Grissmer, David, & Eiseman, Elizabeth
Can Gaps in the Quality of Early Environments and Noncognitive Skills Help Explain Persisting Black-White Achievement Gaps?
University of Virginia
Examination of whether or not early childhood environments and cognitive development/achievement skills influence the Black-White achievement gaps.
Journal Name or Institutional Affiliation:
Russel Sage Foundation
Steady Gains and Stalled Progress: Inequality and the Black-White Test Score Gap, Chapter 4, pp. 139-180
- Very strong effect with about a 0.5 standard deviation difference between children one year apart, other things equal.
- Children entering kindergarten early score about 0.2 standard deviation higher than those entering on time, and children entering late score about 0.14 lower.
- Almost all family variables are strongly associated with achievement in the expected direction.
- Family income, age of mother at birth, and number of siblings show strong effects.
- Statistically significant and positive associations between achievement and a greater number of books in the home, high birth weight, more places lived since birth, a nondepressed mother, better child health, and absense of long-term money problems in the home.
- Playing games as a family shows a positive impact but sports and ubilding activities show little effect.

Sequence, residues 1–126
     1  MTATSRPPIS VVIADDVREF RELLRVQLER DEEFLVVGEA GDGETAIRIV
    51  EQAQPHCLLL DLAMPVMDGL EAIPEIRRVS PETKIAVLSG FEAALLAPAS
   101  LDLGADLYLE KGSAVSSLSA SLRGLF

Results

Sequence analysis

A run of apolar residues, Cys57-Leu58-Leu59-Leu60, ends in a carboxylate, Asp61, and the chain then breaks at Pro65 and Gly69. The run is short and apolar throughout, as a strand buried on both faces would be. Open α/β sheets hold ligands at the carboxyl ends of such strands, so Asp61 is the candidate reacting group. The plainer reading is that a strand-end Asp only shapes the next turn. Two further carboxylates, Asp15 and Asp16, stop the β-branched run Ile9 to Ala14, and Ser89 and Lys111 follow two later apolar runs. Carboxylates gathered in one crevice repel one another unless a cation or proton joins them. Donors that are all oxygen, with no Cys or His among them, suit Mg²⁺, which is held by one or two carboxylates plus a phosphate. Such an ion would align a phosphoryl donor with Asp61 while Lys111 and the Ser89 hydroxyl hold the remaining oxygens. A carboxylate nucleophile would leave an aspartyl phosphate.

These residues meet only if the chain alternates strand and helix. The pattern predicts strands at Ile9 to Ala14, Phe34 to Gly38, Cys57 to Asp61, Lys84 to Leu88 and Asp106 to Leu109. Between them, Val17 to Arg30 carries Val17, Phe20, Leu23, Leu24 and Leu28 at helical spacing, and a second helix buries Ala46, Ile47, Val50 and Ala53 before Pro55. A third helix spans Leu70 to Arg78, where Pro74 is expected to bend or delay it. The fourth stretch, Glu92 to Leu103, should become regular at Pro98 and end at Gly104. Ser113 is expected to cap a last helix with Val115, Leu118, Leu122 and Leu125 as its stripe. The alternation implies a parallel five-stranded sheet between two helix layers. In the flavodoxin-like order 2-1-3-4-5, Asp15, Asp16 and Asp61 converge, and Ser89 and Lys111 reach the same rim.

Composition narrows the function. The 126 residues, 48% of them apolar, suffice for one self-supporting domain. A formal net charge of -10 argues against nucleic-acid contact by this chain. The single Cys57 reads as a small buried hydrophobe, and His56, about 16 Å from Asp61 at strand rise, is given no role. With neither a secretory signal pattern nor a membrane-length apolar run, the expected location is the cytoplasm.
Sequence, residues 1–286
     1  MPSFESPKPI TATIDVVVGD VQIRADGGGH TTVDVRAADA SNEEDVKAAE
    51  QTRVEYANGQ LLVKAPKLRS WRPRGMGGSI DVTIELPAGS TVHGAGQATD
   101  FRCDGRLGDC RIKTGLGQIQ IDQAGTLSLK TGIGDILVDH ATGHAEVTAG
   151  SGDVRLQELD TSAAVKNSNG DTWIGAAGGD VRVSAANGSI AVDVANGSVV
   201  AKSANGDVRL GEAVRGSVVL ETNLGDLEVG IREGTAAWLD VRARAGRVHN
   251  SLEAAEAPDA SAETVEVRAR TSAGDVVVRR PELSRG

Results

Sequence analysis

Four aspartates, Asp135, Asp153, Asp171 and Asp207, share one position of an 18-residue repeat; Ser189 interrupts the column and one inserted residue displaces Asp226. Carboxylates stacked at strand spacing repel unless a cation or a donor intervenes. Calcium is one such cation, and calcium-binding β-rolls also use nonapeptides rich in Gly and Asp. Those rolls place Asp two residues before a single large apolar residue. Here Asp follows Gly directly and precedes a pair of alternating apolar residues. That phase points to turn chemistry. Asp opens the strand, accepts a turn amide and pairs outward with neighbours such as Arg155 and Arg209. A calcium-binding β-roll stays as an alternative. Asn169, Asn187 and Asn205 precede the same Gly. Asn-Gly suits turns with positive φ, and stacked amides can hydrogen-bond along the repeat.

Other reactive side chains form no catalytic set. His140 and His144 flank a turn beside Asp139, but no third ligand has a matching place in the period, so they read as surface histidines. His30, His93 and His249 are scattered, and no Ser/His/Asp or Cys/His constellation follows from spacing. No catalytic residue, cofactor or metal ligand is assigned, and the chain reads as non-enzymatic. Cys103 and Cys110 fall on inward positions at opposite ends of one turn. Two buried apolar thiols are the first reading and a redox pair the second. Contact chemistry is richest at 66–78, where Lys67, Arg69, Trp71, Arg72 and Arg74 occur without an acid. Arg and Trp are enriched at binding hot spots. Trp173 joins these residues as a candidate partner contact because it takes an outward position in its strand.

- More television watching is associated with lower reading readiness.
- Fine motor skills and approaches to learning show an unusually strong significance.
- The Black-White reading score gap at kindergarten entrance is about one-half that at fourth grade and the gap at eighth grade is approximately the same as at fourth grade.
- Suggests that high quality preschool of pre-K will be necessary but not enough to close gaps
Chapter in Book
Academic Achievement, Achievement Gap, African American, Cognitive Ability, Environment
Method of Analysis:
Unit of Analysis:
- Used the Early Childhood Longitudinal Survey of Kindergarteners (ECLS-K)
- Sample consists of data from approximately 19,173 students in the 1998-99 school year.
- Used only first-time kindergarten entrants.
- DV: Reading scores
- IV: Family/parent/home/community characteristics, noncognitive characteristics